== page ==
Galvin traveled to Amherst on Thursday to announce plans to hold workshops for town and city clerks, candidates and voters on the process for write-in votes to make sure everyone is on the same page when it comes time to head to the polls for the primary on Sept. 4.

The five write-in candidates are David Morin of Amherst, David J. Murphy of Amherst, Ryan O’Donnell of Northampton, Jo Comerford of Northampton, and Steven Connor of Northampton.

Galvin said there is a long history of write-in candidates in Massachusetts, but the number of write-in candidates for this Senate seat is unique and can present some additional challenges during the election, hence the workshops.

Galvin said one of the workshops will be for town and city clerks and elections officials for a refresher on the rules regarding write-in votes and how they are to be counted.

“If the intent of the voter can be determined, the vote must be counted,” Galvin said.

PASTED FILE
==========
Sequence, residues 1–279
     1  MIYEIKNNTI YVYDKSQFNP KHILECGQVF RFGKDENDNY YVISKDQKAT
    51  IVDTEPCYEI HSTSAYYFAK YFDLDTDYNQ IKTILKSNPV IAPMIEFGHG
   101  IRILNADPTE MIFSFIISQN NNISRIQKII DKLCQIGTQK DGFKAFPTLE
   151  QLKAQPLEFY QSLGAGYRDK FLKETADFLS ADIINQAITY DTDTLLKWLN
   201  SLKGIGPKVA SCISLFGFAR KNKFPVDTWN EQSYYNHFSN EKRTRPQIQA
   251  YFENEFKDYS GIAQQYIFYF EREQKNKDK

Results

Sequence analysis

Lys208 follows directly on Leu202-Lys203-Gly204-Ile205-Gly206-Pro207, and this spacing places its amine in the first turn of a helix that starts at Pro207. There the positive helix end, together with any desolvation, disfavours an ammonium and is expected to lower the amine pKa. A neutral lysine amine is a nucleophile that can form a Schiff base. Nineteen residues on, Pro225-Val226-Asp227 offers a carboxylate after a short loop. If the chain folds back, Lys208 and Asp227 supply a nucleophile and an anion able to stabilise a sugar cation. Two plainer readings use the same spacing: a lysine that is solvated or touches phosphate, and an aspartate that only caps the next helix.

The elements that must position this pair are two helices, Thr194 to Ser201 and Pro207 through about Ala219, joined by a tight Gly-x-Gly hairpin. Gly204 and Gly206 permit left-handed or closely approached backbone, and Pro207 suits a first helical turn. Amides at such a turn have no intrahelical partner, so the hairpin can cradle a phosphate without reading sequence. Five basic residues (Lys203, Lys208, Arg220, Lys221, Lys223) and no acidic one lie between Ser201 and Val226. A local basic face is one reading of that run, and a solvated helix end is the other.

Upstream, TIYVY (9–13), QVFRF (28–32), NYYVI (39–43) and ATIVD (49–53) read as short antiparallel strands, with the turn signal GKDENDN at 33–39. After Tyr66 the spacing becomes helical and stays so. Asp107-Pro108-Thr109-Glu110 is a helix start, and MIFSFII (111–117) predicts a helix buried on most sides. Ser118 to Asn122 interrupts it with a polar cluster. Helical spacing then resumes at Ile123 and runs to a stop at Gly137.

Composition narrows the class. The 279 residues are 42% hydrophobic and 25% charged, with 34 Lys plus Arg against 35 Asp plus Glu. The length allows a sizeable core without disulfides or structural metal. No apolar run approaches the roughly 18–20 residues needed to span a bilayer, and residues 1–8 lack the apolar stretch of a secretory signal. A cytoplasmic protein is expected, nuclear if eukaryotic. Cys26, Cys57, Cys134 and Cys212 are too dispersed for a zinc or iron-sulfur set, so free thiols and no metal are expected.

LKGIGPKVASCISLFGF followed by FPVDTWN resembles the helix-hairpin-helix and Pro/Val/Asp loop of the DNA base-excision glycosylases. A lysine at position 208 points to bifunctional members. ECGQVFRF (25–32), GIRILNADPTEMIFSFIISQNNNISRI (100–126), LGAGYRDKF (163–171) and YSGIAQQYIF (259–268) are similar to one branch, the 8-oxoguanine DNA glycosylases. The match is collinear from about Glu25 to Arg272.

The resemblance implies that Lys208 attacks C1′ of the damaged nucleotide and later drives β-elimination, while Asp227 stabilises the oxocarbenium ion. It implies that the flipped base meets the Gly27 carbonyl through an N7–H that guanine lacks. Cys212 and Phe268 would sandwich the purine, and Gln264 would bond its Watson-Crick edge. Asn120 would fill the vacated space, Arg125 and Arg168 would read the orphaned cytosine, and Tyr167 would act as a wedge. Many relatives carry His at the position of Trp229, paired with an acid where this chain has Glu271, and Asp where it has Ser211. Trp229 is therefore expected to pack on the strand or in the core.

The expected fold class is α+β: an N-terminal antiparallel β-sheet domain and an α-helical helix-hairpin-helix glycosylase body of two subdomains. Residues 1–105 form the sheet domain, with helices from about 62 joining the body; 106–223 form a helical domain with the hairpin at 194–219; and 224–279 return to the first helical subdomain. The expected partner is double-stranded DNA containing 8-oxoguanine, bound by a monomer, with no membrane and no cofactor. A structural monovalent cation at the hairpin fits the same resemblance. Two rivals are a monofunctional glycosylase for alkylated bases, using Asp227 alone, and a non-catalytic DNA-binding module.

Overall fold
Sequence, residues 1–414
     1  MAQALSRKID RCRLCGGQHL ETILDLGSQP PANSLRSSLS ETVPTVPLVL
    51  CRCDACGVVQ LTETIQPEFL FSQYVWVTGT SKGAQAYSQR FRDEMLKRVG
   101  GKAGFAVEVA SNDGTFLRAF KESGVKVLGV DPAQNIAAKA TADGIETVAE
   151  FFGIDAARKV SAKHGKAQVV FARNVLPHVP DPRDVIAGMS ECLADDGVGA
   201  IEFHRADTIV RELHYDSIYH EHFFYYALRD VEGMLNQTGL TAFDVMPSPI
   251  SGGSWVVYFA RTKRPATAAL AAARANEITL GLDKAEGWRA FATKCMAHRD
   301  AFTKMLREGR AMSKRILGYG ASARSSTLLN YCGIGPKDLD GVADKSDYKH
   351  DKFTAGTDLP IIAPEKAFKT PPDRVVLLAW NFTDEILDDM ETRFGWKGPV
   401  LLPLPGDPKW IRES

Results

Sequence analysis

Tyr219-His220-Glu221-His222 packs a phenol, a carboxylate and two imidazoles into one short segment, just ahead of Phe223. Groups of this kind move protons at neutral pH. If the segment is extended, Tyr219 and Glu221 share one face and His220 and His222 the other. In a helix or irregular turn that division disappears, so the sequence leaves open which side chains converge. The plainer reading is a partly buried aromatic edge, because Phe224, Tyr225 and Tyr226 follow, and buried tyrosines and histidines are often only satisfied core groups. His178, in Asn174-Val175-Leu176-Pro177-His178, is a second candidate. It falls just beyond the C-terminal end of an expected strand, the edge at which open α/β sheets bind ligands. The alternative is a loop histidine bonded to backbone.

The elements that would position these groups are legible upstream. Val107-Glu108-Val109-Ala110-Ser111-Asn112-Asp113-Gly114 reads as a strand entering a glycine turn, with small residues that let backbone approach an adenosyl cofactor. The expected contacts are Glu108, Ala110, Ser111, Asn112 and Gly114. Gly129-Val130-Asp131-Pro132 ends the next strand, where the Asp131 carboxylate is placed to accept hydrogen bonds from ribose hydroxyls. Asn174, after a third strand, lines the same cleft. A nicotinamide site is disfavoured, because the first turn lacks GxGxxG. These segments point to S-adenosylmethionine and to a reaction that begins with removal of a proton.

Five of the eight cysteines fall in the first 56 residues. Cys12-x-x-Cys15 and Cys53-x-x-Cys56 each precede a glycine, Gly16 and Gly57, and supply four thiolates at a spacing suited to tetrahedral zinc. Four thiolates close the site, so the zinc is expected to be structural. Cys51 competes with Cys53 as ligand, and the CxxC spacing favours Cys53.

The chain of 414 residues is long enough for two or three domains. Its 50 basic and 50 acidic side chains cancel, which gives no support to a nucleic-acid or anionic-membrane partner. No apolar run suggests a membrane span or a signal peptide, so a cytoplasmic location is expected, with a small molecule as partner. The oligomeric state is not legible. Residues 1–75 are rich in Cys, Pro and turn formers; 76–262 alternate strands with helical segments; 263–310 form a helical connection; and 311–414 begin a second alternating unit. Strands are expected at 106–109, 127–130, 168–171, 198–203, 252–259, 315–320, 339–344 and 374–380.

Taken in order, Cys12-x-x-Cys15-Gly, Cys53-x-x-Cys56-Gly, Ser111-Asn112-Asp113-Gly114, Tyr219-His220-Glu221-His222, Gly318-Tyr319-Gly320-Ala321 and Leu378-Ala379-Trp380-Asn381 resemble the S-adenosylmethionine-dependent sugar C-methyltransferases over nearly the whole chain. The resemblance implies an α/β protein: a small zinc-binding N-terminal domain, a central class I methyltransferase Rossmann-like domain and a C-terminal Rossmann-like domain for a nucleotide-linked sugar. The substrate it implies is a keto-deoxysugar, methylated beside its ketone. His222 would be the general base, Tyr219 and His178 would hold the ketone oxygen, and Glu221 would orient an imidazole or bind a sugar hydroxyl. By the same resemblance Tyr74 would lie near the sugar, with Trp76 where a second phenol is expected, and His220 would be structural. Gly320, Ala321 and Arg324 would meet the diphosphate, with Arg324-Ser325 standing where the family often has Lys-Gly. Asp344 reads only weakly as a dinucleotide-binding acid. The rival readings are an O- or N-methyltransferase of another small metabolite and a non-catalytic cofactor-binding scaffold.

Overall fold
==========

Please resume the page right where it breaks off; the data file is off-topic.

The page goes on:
That means that if a voter made a good-faith effort to write-in the name of their chosen candidate and the information written down is enough to identify the candidate, the vote will be counted even if there are small errors such as a misspelled name.

For voters choosing write-in candidates, there are two options. Voters can write in the name of the person they wish to vote for on the ballot in the designated area, or candidates may provide stickers that voters can attach to the ballot in the designated area.